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HTPC as processor?

Discussion in 'Desktop & Laptop Computers Forum' started by Madders, Jun 2, 2003.

  1. Madders

    Madders
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    Here's a question for you! I have a HTPC with Revo 7.1 soundcard. What sort of quality could I expect from using this setup as a surround processor with windvd etc, hooking up a 7 channel power amp to the line outs of the soundcard? Currently I have the soundcard sending the SPDIF out signal to a Denon AVC-A10SE, I just wondered if there would be any improvement in sound using the DAC's on the revo soundcard or not?

    Look forward to hearing your views!

    Steve
     
  2. alexs2

    alexs2
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    Very much doubt that the sound quality even from a very good sound card within the internal environment of a PC with the usual switchmode power supply,processor running at 2-3GHz etc will be better than that from a Denon A10SE,running outside all that digital noise from the PC.

    I also have a HTPC(a UVEM) and use my Tag AV 32R to do all of the digital processing from DVD,and CD SP/DIF goes through a Perpetual Technologies upsampler prior to the processor.

    Easiest way to be sure though is to give it a try....I don't think there will be much contest.
     
  3. Jeff

    Jeff
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    The analogue output of a RME Digi 96/8 PST (or PAB) easily beats that of a Denon A1SE. In fact I think Branxx said it compared favorably with his MC12. The internal environment of PCs isn't generally a problem. When problems do occur it tends to be motherboard chipset related. The biggest problem with using a PC as a processor is the available software and the inability to decode external sources (although even this is possible with a bit of work).
     
  4. Nic Rhodes

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    £1K on a top flight sound card is worth competition for receivers upto 10x that. The HCPC route has many advantages but you should know the downfalls as well. Unlike many solutions however you can generally swap out the offending component and not loose silly money.
     
  5. Rob.Screene

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    With my Audiophile 2496 card, I compared 24-bit 44.1KHz S/PDIF to analog outputs in to my A10SE and I don't think I could tell them apart in a blind test.

    I only use S/PDIF for music because I use with WinAmp MAD and SSRC output plug-ins to upsample to 24-bit 96KHz and like to see the Direct 96KHz appear on the Denon! I've not compared to the
    analog analog at 24-bit 96KHz though.

    I'd say the Revolution's circle surround 2 might be a really nice way to get dolby pro-logic 2 alike through the older Denon's fine power amps.

    regards,
    Rob.
     
  6. Branxx

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    alex2,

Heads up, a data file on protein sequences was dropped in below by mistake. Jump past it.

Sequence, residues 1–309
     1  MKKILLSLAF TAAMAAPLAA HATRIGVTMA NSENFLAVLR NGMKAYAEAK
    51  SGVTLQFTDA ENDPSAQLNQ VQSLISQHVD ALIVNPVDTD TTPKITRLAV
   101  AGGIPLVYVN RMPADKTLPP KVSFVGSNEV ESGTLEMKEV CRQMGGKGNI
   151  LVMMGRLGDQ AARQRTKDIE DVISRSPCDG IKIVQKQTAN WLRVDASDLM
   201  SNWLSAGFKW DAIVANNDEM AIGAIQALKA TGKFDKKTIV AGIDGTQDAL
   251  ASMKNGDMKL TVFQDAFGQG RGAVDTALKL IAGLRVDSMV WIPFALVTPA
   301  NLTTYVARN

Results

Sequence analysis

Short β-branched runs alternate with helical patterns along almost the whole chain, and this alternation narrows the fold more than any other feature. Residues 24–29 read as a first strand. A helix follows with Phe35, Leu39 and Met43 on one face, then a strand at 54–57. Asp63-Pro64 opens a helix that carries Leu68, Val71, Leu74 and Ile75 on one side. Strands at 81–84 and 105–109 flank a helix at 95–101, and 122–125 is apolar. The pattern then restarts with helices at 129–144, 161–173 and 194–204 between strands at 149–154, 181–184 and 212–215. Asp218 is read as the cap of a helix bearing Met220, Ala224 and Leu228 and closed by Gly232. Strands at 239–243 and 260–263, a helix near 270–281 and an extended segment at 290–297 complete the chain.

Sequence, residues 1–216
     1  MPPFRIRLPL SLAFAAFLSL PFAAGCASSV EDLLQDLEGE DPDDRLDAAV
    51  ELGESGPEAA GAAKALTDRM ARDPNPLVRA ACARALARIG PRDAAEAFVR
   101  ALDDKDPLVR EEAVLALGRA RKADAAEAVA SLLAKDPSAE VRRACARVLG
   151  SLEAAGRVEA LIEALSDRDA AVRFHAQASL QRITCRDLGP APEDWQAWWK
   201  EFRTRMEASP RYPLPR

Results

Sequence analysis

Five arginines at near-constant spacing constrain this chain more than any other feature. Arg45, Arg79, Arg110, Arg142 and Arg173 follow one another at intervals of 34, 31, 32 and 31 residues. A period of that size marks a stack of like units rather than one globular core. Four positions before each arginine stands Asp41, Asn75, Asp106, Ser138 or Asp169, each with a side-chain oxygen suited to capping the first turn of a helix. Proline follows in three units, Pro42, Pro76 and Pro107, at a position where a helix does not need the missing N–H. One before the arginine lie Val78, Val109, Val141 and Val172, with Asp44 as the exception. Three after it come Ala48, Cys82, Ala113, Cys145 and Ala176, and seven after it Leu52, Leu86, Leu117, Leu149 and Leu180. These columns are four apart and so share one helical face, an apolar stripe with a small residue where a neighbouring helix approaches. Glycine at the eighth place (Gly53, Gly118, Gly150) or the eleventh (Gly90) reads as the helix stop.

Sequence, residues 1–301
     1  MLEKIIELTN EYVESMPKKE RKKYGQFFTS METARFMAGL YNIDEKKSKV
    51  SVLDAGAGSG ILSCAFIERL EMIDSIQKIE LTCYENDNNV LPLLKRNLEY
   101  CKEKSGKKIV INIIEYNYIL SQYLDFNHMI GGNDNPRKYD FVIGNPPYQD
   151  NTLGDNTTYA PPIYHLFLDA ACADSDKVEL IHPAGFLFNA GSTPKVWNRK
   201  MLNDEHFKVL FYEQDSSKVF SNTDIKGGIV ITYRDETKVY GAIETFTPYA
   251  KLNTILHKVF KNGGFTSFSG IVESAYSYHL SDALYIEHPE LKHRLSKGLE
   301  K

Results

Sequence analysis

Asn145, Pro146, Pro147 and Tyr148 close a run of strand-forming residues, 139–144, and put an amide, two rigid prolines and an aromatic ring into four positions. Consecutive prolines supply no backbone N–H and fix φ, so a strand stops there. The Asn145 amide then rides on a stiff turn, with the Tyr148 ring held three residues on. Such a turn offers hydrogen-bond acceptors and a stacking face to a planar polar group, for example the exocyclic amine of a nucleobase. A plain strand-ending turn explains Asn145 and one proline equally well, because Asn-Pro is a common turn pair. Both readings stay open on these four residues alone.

"Very much doubt that the sound quality even from a very good sound card within the internal environment of a PC with the usual switchmode power supply,processor running at 2-3GHz etc will be better than that from a Denon A10SE,running outside all that digital noise from the PC."

    You need some serious reassestment of your views regarding the audiophile possibilities of PCs (especially being moderator).

    Regarding the topic of the thread, I think Revo would most probably match the performance of A10SE. I hope Madders will try and report back to us.

    Which sound card is used in UVEM?
     
  7. nathan_silly

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    What has being a Mod to do with his views? Just because they're opposite of what you think?

    You can use PC, with all it's hair-pulling & stressful moments. I'll settle with my top-end processor, thanks.
     
  8. Jeff

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    I thought you had an MC-1?

    Branxx has almost rewritten the meaning of high end audio, the fact that he also uses PCs should tell you something. Don't knock what you don't know or understand.
     
  9. alexs2

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    Branxx.....just thought I'd take the time to reply to that little lot.....as has been pointed out,my views have nothing to do with being a moderator,and I do use a Perpetual Technologies P1A/P3A combination for CD replay and have compared it with both analogue out from my HTPC,and digital out fed into the PTech upsampler,then into the Tag.

    This particular DAC/DSP combination is(in most people's views,not just mine)bettered only by devices such as dCS's Elgar/Purcell,and certainly is the match of most of the midrange Levinson/Wadias.

    The digital card in the PC is an M-Audio revolution,which as you will know does not resample rates below 48kHz,and is capable of passing CD data unchanged to the SP/DIF output....obviously this doesnt equal the quality of devices like the LynxTWO for analogue output,but that wasn't really what I required.....in that respect all I wanted was a device that would deliver data which hadnt been up/down converted direct to the PTech.